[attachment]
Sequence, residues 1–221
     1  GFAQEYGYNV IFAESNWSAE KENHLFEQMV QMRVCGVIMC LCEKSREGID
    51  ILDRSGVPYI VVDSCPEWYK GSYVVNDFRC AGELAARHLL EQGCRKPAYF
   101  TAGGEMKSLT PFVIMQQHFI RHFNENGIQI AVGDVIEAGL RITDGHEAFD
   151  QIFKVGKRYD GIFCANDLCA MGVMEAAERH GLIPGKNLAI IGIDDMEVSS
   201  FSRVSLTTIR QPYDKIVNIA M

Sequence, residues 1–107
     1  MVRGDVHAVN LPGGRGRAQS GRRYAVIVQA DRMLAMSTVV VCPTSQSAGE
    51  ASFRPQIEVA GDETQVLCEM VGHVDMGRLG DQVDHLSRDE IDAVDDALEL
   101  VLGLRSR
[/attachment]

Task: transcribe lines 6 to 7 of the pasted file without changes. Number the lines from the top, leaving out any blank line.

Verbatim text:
   201  FSRVSLTTIR QPYDKIVNIA M

Sequence, residues 1–107